The experience of being stuck in traffic, late for an appointment, imagining alternative routes you might have taken if you’d only known what was ahead, is universal. As surveillance video finds new applications beyond traditional security purposes, improving transportation is an area a lot of people can get behind. When the City of Seattle recently faced a major highway closure, they used video surveillance to help the public find alternate routes, avoiding chaos and a significant public backlash against the project.

There is also a growing list of benefits to be gained from correlating video data with input from “smart” devices. Embedded sensor technology is enabling cities to become smarter, and data from that sensor input can be integrated with video data and analyzed to help make communities more attractive. Today, vehicle and pedestrian traffic can be captured and integrated with sensor input from buses, trains, and subway stations to minimize congestion. Similarly, parking facilities can be monitored and the video combined with input from smart meters to cut down on bottlenecks and to improve consumer satisfaction.

Transportation organizations grapple with some unique surveillance challenges. They may have a high density of cameras to cover a large geographic area; they often require an integrated control center for monitoring; they need to ensure coverage in high traffic routes; and they typically have capabilities for incident case management. Transportation hubs need a high-performance data management solution that’s able to handle full-res video streams integrated with real-time analytics going at 100%.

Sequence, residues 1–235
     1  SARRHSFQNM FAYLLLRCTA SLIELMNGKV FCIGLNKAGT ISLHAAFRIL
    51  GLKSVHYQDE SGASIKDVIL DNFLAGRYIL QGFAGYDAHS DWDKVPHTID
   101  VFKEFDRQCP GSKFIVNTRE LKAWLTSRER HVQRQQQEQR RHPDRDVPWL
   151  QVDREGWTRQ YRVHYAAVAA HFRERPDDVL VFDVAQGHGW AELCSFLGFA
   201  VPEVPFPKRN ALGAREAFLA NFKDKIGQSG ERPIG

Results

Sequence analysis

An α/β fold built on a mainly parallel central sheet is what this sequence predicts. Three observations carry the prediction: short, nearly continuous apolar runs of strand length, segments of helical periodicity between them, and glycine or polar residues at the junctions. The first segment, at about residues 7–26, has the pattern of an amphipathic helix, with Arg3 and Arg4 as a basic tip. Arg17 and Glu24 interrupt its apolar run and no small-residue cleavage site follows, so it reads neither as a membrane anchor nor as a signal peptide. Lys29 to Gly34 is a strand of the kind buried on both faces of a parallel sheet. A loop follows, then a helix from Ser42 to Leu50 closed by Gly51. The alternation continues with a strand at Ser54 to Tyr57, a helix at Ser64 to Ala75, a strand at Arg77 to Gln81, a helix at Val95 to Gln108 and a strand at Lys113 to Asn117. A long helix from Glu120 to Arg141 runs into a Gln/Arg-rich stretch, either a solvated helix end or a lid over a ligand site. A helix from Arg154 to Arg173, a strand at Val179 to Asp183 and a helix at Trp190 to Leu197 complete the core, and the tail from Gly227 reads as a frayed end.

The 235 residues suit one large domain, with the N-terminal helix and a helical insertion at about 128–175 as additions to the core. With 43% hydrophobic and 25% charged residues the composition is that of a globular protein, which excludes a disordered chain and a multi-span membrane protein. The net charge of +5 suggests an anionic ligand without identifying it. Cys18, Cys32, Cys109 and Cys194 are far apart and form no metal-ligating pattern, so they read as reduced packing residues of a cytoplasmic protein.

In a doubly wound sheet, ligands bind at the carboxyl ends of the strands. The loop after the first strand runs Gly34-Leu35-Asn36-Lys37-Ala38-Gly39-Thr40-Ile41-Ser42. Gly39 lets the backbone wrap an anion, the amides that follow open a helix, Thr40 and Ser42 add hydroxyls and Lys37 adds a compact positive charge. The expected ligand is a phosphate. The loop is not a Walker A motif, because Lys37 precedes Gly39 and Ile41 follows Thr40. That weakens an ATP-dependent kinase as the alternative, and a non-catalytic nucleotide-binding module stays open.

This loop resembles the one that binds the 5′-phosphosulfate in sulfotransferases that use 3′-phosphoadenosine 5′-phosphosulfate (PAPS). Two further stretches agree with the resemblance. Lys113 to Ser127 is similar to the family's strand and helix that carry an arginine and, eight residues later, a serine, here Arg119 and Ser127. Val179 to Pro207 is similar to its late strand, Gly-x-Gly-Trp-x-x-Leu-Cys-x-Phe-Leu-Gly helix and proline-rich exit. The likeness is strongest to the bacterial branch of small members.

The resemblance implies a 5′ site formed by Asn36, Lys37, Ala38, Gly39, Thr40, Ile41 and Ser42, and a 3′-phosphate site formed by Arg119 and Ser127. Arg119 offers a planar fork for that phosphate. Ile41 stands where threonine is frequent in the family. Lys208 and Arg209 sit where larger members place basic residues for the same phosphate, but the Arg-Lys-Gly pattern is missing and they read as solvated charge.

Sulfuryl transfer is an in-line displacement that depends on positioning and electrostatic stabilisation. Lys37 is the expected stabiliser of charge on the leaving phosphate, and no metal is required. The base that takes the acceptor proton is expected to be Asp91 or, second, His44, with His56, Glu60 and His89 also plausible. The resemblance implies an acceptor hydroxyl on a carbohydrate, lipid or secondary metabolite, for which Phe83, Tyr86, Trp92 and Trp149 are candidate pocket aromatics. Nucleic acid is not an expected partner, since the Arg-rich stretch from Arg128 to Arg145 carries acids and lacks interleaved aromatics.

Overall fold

Realizing the full potential of video surveillance for transportation applications requires a fresh approach to storage design and infrastructure projects. For effective analytics, data must be drawn from many different sources and kept for longer periods because trends and patterns emerge by combining disparate data sets and analyzing them over time. The farther data goes back, the better the quality of the analytics, yielding more accurate conclusions and better decisions.

A typical approach to storage design, where each department is viewed as a stand-alone entity, can result in islands of storage. These islands may be fine for storing video data but are not easily integrated with other systems, inhibiting the potential of the data to be applied for other uses. The traditional project-based approach to video surveillance storage must give way to a broader, more strategic view.